Feb 26 2013; Indianapolis, IN, USA; Indiana Pacers guard George Hill (3) drives to the basket against Golden State Warriors guard Stephen Curry (30) at Bankers Life Fieldhouse. Indiana defeats Golden State 108-97. Mandatory Credit: Brian Spurlock-USA TODAY Sports

Can the Golden State Warriors Stay With the League-Best Pacers?

The Pacers are a good barometer for the inconsistent Warriors, who have all the talent to be championship contenders but little in terms of results. Mandatory Credit: Kyle Terada-USA TODAY Sports

The Indiana Pacers have the best record in the NBA, and they have clearly grown into the NBA’s elite. While other teams are led by the Durants and LeBrons of the NBA, the Pacers’ superstar is their defense. Their league-best defense is the Rainbow Road of NBA defenses, and is equally frustrating and intimidating.

The Pacers are a good barometer for the inconsistent Warriors, who have all the talent to be championship contenders but little in terms of results. Indeed, the Warriors sit at the sixth seed spot in the tough Western Conference, which would be impressive had the Warriors not traded two first round picks to contend this season. But in the NBA, every game is a game of matchups, and while the Pacers are an absolute wood-chipper, the Warriors have the talent to shock even the league’s best.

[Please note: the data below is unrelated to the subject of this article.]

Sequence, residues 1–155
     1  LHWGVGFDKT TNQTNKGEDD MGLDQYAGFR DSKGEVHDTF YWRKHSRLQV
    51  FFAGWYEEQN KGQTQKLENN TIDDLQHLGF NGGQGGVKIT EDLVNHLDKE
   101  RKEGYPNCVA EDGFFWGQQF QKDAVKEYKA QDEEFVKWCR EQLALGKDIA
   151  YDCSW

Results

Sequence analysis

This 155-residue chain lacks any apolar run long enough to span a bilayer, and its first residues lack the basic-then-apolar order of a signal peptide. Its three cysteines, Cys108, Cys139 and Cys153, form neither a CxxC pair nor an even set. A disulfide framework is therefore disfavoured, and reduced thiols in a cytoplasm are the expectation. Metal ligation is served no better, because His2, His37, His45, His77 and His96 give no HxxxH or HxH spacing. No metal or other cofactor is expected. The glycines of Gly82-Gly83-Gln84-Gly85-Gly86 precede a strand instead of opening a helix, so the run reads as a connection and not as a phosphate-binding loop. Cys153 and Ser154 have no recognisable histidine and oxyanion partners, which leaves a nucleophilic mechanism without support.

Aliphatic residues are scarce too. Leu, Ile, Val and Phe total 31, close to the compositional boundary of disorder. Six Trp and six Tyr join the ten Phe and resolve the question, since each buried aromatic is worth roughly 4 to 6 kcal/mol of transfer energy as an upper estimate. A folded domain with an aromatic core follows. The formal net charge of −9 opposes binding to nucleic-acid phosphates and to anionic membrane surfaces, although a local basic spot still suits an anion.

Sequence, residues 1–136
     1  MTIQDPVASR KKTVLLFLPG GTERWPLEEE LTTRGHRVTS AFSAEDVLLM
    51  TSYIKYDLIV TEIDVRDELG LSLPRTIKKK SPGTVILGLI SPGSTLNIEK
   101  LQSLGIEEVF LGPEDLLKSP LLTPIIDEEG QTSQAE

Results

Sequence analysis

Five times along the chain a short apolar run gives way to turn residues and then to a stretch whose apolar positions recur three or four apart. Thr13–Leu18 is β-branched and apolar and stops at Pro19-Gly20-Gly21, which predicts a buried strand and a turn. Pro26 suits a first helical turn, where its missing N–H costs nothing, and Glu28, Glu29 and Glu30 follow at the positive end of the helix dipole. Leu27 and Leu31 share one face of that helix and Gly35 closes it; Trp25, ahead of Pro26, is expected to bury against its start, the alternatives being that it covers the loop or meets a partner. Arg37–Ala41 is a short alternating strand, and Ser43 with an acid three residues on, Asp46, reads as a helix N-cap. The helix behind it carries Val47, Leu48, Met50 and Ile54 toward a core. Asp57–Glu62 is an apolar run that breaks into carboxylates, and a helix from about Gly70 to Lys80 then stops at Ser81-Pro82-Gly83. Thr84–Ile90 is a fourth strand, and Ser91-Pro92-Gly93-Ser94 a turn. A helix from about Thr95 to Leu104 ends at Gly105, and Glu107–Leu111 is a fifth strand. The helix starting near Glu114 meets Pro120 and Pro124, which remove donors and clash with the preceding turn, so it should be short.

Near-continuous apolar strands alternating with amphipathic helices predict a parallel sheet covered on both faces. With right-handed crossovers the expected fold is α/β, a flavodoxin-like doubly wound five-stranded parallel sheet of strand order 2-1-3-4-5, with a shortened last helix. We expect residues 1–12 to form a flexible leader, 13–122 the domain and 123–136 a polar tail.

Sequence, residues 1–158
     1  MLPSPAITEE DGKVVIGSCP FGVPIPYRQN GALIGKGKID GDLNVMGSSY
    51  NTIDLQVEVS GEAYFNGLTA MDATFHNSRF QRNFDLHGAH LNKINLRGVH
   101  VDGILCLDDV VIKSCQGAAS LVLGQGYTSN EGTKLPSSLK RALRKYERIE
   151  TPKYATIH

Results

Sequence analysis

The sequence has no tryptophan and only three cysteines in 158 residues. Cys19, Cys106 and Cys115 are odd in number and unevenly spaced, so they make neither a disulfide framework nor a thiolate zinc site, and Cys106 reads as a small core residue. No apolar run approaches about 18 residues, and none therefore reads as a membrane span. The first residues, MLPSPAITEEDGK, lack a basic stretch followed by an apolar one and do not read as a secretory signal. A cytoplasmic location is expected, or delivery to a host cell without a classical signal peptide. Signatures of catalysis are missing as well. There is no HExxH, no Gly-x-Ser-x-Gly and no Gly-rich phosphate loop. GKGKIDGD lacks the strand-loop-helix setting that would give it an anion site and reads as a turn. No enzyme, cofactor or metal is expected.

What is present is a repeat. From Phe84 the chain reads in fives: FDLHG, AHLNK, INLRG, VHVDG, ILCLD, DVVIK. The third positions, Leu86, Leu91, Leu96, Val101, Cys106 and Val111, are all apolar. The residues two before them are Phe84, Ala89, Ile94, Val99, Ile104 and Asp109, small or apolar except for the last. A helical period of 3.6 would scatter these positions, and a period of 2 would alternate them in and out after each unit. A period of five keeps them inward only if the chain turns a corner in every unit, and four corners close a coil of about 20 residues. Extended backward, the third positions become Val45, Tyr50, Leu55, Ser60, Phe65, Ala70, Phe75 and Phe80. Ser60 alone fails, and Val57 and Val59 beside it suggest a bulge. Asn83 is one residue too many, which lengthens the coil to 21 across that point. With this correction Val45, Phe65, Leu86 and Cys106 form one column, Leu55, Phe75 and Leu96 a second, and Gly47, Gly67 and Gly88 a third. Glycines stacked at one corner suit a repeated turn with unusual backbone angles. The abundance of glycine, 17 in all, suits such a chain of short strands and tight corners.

The Pacers’ defense is not based on team-wide athleticism and aggression like the Heat’s or a remarkably choreographed dance of footwork and positioning like the Bulls. Instead of building an elite defense from their team, they build a team from a group of elite defenders. Their massive perimeter players have the strength and athleticism and tenacity to stay with anyone in the league, and the interior is manned by a one-man show of verticality called Roy Hibbert. But even the Pacers have holes, and they have struggled to include David West into their league-best defense especially as the league turns to small-ball. The Warriors have options at power forward, either pulling West to the perimeter with Harrison Barnes or using David Lee as the focal point to their attack.

The Pacers also play conservatively on the pick-and-roll, dropping their bigs instead of hedging the ball-handler. This is the cardinal sin when playing against the Warriors, allowing Stephen Curry to shoot. However, the Pacers simply cannot afford to let Hibbert and the crew to stretch out into the perimeter to challenge the shooters because they don’t have the foot speed to recover. Even Curry is better at making lay-ups than shooting threes. Instead they’ll ask their perimeter defenders to fight over the screens fast enough to challenge the shot and that gives the Warriors space to attack. Simply set good screens, and the Warriors can win on offense.

On offense, the Pacers aren’t the juggernaut they are on defense. They have options in the post, good shooters, and team-wide passing, but don’t have a singular offensive superstar or a particularly electric scheme. Their pick-and-roll game is at best ineffective and at worst, non-existent. Their only true offensive weapon is the offensive rebound as the chaos and disorder caused by a surprising possession gives the Pacers leverage to score. The Warriors, however, are a great defensive rebounding team, with the fourth best defensive rebounding rate in the NBA (75.8%). Containing the Pacers won’t be easy, but it’ll begin with winning on the boards.

The Warriors are one of the most talented teams in the league, and like every game, it simply comes down to execution. Can they make shots, box-out, and set rock-solid screens? If they can, even the Pacers need to watch out.

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